"The extensive investigations in the past have conclusively established that the alkali ions are responsible for the electrical conductivity of glass in both the brittle and viscous states; however, with the exception of one investigation in the brittle state, little consideration has been given to determination of the mobility of the alkali ion in such glassy systems. A review of the literature pertaining to the electrical conductivity of glass is presented.
A method, based on the rate of development of the ionic space charge responsible for polarization of conductivity cell employing direct current voltages, is proposed as a means for measuring the relative ionic mobility in the fused state. Similar studies in the field of liquid dielectrics are reviewed. Measurements of the relative mobility of lithium, sodium and potassium in boron trioxide glass were made and the data presented. It is Indicated that ionic mobility and temperature are related as a simple exponential in the form, m = a’e-b/T, and mobility and ionic size are similarly related in the form, m = a”e-b’R.
The conductivity and viscosity data for sodium-boron trioxide glass, as reported by previous investigators, are reviewed and compared with these findings. It is indicated that good agreement is possible if the increase in conductivity attributable to the sodium ion is considered rather than the gross conductivity of the glass. The conductivity attributable to the sodium ion is considered to be the difference between that of the sodium bearing glass and that of pure boron trioxide"--Abstract, page vii.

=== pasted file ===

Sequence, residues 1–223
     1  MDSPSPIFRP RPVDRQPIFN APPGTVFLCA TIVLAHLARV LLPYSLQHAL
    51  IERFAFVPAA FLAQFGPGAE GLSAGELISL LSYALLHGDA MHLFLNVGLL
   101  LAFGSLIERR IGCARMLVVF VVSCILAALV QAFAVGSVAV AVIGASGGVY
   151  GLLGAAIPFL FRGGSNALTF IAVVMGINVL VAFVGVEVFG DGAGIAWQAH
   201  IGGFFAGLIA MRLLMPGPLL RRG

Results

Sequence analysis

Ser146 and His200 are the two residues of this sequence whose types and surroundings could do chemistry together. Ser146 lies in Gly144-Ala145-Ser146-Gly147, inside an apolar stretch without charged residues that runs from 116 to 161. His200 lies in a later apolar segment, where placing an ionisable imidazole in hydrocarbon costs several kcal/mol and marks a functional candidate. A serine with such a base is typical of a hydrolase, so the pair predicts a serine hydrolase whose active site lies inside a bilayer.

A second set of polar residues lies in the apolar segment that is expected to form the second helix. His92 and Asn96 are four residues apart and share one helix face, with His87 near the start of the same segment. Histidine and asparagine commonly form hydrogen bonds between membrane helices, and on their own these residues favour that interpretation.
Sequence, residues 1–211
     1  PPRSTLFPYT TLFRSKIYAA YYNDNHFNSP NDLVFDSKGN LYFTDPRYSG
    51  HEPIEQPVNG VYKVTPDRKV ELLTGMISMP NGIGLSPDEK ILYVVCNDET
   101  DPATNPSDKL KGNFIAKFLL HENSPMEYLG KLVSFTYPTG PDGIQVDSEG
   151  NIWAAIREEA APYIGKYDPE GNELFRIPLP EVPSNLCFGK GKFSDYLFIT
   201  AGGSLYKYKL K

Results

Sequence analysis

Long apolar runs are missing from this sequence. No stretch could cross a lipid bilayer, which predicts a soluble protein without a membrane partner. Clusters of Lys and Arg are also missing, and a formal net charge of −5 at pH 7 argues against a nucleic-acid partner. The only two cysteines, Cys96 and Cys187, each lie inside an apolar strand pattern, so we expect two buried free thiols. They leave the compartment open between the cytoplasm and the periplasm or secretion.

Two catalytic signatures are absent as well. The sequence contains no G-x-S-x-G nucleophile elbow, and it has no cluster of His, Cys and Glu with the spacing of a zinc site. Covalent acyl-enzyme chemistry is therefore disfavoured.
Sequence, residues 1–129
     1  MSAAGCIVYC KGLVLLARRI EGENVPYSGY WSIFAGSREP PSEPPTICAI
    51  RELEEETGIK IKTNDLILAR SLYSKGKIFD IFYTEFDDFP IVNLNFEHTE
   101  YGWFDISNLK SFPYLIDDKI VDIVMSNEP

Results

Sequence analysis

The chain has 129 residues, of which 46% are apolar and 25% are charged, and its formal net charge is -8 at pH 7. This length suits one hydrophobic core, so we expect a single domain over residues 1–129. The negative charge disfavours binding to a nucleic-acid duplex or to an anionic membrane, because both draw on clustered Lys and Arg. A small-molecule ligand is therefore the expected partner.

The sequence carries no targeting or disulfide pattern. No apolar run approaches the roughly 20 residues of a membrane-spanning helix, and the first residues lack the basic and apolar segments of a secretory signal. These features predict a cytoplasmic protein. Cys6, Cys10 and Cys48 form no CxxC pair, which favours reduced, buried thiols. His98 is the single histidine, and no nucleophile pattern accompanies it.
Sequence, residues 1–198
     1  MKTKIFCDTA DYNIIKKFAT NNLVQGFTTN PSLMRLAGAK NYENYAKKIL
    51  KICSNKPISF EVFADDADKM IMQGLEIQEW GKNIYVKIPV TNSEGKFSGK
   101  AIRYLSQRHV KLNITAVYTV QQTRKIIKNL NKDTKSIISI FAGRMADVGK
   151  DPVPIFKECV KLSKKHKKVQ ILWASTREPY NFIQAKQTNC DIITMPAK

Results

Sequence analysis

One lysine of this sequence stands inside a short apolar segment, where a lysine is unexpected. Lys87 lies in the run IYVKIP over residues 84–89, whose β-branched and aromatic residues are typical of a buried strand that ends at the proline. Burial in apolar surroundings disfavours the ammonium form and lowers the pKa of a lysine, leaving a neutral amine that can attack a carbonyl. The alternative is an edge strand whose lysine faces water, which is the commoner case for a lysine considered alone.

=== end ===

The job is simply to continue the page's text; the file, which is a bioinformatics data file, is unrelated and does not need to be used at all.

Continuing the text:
Herold, P. G.
Materials Science and Engineering
Ph. D. in Ceramic Engineering
Missouri School of Mines and Metallurgy
vii, 75 pages
© 1950 Theodore J. M. Planje, All rights reserved.
Dissertation - Open Access
Library of Congress Subject Headings
Glass -- Research
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Electronic OCLC #
Link to Catalog Record
Planje, Theodore J., "A study of relative ionic mobility of alkali ions in dilute alkali-boron trioxide glasses as deduced from space charge considerations" (1950). Doctoral Dissertations. 514.